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She knows no worldly guile or art, but Love and Joy have made

her fair : And so I keep her in my heart, and bless her in my silent prayer.


Pass we now to the serio-comic Hood,—a poet whose memory is “ emblazoned with a halo of light-hearted mirth and pleasantry,” but whose coruscations of wit and fancy do not more charm us, than do the genial charities and deep human sympathies which characterize his graver productions. If he was the “prince of punsters,” he was also pre-eminently the poet of pathos ; for, as a portrayer of life in its various phases, his rich and graceful imagery, and vivid descriptions of sorrow and suffering, were no less conspicuous than the kindly spirit with which his sarcasms and satires are tempered, so that while they cauterize, they cure. How much of human suffering has been mitigated, how many a home of sadness consoled, by the pleadings of his powerful pen! The spirit of his playful productions, so chaste, and so glittering with sportive gayety and humour, are yet enriched with the pure gold of wisdom, so that while they charm the imagination, they also benefit the heart.

Hood’s fragile constitution was invaded, during his whole life, by a slow wasting disease, and it was terminated by protracted suffering. Referring to his own physical debility, he thus writes :—“That man who has never known a day's illness is a moral dunce,-one who has lost the greatest moral lesson in life,—who has skipped the finest lecture in that great school of humanity, the sick-chamber. Let him be versed in metaphysics, profound in mathematics, a ripe scholar in the classics, a bachelor of arts, or even a doctor in divinity, yet he is one of those gentlemen whose education has been neglected. For all his college acquirements, how inferior he is in wholesome knowledge to the mortal who has had a quarter's gout, or a half-year of ague,-how infinitely below the fellow-creature who has been soundly taught his tic-douloureux, thoroughly grounded in rheumatism, and deeply red in the scarlet fever !"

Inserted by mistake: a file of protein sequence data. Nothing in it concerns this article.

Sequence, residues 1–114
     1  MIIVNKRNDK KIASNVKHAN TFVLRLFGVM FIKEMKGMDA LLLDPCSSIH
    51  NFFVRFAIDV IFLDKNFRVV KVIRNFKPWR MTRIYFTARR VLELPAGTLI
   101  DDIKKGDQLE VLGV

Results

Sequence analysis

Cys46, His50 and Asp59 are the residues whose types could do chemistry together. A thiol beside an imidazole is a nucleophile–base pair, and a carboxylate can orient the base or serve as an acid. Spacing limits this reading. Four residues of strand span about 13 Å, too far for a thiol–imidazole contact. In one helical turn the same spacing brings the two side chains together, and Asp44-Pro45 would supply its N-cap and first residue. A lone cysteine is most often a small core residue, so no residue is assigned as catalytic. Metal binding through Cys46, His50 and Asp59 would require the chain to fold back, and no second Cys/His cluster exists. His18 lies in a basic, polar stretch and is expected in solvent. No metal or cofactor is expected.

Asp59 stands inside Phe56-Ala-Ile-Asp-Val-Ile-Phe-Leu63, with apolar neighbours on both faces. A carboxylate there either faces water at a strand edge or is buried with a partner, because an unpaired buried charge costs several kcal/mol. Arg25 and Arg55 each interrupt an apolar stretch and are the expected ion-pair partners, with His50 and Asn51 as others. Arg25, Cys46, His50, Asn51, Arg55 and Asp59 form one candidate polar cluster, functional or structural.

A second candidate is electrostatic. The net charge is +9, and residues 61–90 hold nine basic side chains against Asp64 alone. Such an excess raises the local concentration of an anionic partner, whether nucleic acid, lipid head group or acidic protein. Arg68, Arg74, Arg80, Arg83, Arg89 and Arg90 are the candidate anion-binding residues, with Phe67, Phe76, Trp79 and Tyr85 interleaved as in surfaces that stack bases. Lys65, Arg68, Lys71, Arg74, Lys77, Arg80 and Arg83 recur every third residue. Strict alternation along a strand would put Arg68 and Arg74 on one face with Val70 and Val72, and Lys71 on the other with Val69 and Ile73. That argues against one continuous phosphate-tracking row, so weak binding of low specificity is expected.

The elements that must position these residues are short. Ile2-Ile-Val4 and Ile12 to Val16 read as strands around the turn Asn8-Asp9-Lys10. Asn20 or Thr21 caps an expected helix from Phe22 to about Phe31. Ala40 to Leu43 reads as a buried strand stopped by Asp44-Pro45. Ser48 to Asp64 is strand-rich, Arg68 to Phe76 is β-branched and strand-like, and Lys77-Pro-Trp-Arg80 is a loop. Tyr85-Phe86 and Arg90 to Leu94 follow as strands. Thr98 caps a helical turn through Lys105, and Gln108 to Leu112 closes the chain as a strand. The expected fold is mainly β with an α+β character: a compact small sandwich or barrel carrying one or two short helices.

It was while suffering from bodily sickness that poor Hood composed those touching and immortal poems,—The Bridge of Sighs, The Lady's Dream, The Lay of the Labourer, and The Song of the Shirt. It was the last-named that his wife at once pronounced one of the best things he ever wrote.

Her verdict turned into a prophecy, for it obtained an immediate and long-continued popularity, and was also translated into several foreign languages :


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O, men, with sisters dear! O, men, with husbands and wives !
It is not linen you're wearing out, but human creatures' lives !

Stitch, stitch, stitch, in poverty, hunger, and dirt ;
Sewing at once, with a double thread, a shroud as well as a shirt !
But why do I talk of death—that phantom of grisly bone ?
I hardly fear his terrible shape, it seems so like my own;

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It seems so like my own, because of the fasts I keep,-
Oh, God! that bread should be so dear, and flesh and blood so


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What exquisite delicacy and force characterize his Bridge of Sighs :

Alas! for the rarity of Christian charity

Under the sun!
Oh! it is pitiful! near a whole city full,

House she had none !

The bleak wind of March made her tremble and shiver ;
But not the dark arch, or the black Aowing river:
Mad from life's history, glad of death's mystery,

Swift to be hurled

Anywhere, anywhere out of the world!
In she plunged boldly, no matter how coldly

The rough river ran;
Over the brink of it,--picture it, think of it,

Dissolute man !
Lave in it, drink of it, then, if you can !


Now two or three stanzas from the Lady's Dream:

Of the hearts that daily break, of the tears that hourly fall,
Of the many, many troubles of life that grieve this earthly bali-
Disease, and hunger, and pain, and want ; but now I dreamt of

them all. For the blind and the cripple were there, and the babe that pined

for bread, And the houseless man, and the widow poor, who begged—to bury

the dead :

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